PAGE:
The doctrine of laches

The doctrine of laches is also called the doctrine of estoppel by laches or the doctrine of stale demands. In other textbooks, it is also called the doctrine of slumbering/sleeping on one's rights.

The doctrine of laches is based upon grounds of public policy which requires, for the peace of society, the discouragement of stale claims and, unlike the statute of limitations, is not a mere question of time but is principally a question of the inequity or unfairness of permitting a right or claim to be enforced or asserted. (G.R. No. 152145. March 30, 2004)

The doctrine of laches is an equitable principle applied to promote but never to defeat justice. Thus, where laches is invoked against a plaintiff by reason of the latter's failure to come to court within the statutory period provided in the law, the doctrine of laches will not be taken against him where the defendant is shown to have promised from time to time to grant the relief sought for. Again, We have jurisprudence that where a defendant or those claiming under him recognized or directly or impliedly acknowledged existence of the right asserted by a plaintiff, such recognition may be invoked as a valid excuse for a plaintiff's delay in seeking to enforce such right. In brief, it is indeed the better rule that courts, under the principle of equity, will not be guided or bound strictly by the statute of limitations or the doctrine of laches when to do so, manifest wrong and injustice would result. (G.R. No. L-43203. July 29, 1977)

Laches is unreasonable delay in the bringing of a cause of action before the courts of justice. It must be noted that it is different from the statute of limitations (prescription). Prescription is by lapse of time in accordance with law; thus, law sets the time after which prescription sets in. On the other hand, laches is not set by law; it is a common law principle grounded on public policy and fair play.

Paras (2008), in his book, gave this example. If an action prescribes in 10 years, it should be brought to court as soon as possible, without waiting for 8 or 9 years, unless the delay can be justifiably explained (as when there is a search for evidence). Note therefore, that while an action has not yet prescribed, it may no longer be brought to court because of laches.
The Supreme Court has defined laches as the failure or neglect, for an unreasonable and unexplained length of time, to do that which, by exercising due diligence, could or should have been done earlier; it is negligence or omission to assert a right within a reasonable time, warranting a presumption that the party entitled thereto either has abandoned it or declined to assert it. However, courts will not be bound by strictures of the statute of limitations or laches when manifest wrong or injuries would result thereby. (78 SCRA 175)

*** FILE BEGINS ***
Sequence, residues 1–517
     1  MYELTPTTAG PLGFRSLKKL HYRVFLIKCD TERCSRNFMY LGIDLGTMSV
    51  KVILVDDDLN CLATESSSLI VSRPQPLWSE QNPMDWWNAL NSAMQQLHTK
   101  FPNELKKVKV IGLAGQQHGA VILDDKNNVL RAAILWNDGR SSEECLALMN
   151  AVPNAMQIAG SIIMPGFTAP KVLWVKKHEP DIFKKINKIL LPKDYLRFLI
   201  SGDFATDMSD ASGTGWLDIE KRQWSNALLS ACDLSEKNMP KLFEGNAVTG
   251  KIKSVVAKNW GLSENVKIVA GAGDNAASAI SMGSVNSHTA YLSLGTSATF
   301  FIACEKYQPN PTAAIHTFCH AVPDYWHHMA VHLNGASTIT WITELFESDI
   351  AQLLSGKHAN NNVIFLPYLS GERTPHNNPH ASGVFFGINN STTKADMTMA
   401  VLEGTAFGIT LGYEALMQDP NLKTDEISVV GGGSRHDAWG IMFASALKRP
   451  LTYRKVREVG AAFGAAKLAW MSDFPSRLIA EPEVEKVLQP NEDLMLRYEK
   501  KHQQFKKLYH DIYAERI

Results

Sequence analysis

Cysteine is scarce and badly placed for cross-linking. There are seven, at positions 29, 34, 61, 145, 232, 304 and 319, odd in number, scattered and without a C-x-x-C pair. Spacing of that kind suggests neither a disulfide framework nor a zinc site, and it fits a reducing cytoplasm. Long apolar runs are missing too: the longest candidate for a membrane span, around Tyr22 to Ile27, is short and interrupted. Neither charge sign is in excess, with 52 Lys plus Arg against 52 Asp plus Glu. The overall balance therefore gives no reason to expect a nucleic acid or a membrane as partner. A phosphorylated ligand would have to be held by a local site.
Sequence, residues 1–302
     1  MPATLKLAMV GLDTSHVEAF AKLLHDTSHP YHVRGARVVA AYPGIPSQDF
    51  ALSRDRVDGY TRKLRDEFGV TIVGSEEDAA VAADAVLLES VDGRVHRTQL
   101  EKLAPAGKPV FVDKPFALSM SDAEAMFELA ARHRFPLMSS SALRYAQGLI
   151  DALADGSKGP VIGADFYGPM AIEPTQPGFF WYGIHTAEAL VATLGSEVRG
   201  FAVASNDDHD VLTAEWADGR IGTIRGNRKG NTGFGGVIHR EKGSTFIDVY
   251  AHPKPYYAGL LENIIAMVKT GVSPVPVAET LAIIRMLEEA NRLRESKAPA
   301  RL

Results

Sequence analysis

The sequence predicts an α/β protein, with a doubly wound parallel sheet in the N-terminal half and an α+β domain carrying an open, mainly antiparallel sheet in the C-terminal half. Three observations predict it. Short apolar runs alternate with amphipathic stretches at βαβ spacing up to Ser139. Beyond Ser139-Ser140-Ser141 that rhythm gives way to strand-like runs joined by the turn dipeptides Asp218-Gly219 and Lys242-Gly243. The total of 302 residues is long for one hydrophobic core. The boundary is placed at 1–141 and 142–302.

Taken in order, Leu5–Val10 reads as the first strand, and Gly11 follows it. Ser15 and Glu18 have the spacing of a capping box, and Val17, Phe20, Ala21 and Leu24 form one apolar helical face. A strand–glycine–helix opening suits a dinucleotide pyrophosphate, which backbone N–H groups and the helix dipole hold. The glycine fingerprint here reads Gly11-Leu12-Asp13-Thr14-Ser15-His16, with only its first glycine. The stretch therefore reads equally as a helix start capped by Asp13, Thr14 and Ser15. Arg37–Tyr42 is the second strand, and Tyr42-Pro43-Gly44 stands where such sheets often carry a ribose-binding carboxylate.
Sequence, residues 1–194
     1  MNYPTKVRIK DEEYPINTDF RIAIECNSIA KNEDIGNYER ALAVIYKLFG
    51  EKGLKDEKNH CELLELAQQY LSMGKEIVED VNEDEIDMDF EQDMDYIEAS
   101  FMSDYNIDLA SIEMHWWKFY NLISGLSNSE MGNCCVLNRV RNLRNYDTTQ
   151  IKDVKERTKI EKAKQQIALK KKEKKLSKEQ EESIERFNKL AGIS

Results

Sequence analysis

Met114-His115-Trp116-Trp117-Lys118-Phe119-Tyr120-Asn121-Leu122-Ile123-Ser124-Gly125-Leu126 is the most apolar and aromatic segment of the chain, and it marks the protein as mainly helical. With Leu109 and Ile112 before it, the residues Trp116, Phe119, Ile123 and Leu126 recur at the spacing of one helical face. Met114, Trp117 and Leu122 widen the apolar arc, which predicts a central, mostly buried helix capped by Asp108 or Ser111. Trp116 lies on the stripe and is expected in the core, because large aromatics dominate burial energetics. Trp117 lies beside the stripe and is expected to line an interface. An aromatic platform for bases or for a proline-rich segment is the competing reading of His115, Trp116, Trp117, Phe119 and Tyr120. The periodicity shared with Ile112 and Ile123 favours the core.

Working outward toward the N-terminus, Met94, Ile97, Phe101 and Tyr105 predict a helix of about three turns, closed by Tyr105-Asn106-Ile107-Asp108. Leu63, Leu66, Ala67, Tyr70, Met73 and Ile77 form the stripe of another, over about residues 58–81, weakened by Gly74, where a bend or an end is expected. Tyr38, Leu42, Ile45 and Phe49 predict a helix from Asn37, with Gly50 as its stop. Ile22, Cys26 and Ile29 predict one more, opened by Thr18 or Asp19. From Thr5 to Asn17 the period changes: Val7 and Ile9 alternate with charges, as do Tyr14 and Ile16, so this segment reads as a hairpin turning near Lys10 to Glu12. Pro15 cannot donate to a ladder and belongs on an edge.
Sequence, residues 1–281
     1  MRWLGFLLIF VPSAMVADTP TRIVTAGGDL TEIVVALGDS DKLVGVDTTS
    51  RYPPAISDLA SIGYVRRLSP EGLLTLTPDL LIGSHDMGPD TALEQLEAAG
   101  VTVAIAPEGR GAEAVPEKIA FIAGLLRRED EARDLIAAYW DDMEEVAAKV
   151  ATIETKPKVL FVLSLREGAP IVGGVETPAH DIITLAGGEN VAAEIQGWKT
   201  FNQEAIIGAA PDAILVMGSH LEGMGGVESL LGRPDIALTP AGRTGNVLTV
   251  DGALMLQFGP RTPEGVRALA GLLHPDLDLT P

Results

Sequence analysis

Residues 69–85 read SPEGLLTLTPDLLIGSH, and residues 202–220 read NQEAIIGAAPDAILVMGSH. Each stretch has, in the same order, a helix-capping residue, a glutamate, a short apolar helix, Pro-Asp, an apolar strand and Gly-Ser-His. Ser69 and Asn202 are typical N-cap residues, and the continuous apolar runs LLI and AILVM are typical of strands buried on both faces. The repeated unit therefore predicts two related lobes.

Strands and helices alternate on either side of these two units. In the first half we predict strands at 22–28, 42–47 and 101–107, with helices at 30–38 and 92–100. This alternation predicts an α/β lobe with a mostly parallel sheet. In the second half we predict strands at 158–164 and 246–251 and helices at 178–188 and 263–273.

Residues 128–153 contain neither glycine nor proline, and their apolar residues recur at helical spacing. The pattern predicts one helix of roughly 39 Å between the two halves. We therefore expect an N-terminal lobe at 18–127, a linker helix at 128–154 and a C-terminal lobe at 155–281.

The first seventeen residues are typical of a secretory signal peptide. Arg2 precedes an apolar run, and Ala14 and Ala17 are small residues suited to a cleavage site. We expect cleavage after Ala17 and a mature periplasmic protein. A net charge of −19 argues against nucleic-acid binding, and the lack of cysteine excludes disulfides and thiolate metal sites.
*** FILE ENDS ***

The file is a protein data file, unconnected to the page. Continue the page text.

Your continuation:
Wikipedia explains that laches refers to a lack of diligence and activity in making a legal claim, or moving forward with legal enforcement of a right, particularly in regard to equity; hence, it is an unreasonable delay that can be viewed as prejudicing the opposing [defending] party. When asserted in litigation, it is an equity defense, that is, a defense to a claim for an equitable remedy. The person invoking laches is asserting that an opposing party has "slept on its rights", and that, as a result of this delay, circumstances have changed, witnesses or evidence may have been lost or no longer available, etc., such that it is no longer a just resolution to grant the plaintiff's claim. Laches is associated with the maxim of equity, "Equity aids the vigilant, not the sleeping ones [that is, those who sleep on their rights]." Put another way, failure to assert one's rights in a timely manner can result in a claim being barred by laches.

SOURCES: Edgardo L. Paras (2008). Civil Code Of The Philippines Annotated (Volume IV). 16th Edition, 1018 pages. Published 2008 by Rex Book Store (first published 1959). 9789712350665.

Laches (equity). From Wikipedia, the free encyclopedia., citing, among others, Garner, Bryan A., ed. (2009). "Laches [Definition of 'laches' by Black's]". Black's Law Dictionary (9th ed.). ISBN 0314199497.